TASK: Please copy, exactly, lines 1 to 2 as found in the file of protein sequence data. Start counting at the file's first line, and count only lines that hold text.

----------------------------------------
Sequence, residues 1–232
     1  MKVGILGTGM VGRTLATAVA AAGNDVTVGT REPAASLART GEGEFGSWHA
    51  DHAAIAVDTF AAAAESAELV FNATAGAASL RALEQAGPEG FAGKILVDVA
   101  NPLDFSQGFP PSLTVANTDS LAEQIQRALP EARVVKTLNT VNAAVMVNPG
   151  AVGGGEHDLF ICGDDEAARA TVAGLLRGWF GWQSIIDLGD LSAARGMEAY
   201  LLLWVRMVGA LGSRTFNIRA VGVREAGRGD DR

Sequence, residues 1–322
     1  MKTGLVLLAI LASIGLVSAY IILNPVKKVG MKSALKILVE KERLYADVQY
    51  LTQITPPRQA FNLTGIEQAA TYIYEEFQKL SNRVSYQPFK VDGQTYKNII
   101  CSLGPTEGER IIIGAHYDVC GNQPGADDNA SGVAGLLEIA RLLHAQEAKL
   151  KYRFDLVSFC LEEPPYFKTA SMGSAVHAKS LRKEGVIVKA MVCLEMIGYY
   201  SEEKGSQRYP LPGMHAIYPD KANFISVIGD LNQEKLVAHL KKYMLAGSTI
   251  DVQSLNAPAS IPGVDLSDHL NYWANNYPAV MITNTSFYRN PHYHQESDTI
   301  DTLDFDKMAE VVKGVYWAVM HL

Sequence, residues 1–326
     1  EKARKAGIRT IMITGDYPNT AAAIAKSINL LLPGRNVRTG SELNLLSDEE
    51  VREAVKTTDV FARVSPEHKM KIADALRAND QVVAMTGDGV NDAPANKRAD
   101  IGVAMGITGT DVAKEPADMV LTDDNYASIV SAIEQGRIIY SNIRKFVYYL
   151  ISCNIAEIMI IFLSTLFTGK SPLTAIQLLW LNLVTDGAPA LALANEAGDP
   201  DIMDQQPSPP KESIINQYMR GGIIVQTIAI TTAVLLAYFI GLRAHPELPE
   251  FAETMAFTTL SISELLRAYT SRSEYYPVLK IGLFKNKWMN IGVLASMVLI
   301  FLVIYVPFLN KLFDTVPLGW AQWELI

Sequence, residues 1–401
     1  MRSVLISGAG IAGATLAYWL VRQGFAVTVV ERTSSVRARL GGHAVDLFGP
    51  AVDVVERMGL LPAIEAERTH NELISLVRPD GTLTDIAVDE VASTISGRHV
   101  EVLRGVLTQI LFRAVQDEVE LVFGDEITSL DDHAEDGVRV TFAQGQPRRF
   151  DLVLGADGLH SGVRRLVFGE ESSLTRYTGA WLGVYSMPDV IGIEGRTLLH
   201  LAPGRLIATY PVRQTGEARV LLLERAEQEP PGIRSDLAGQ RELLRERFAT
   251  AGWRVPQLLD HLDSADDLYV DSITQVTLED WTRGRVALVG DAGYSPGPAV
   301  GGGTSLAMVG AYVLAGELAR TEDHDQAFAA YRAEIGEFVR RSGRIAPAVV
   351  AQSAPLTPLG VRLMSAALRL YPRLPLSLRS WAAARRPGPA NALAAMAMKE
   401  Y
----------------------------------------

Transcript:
Sequence, residues 1–232
     1  MKVGILGTGM VGRTLATAVA AAGNDVTVGT REPAASLART GEGEFGSWHA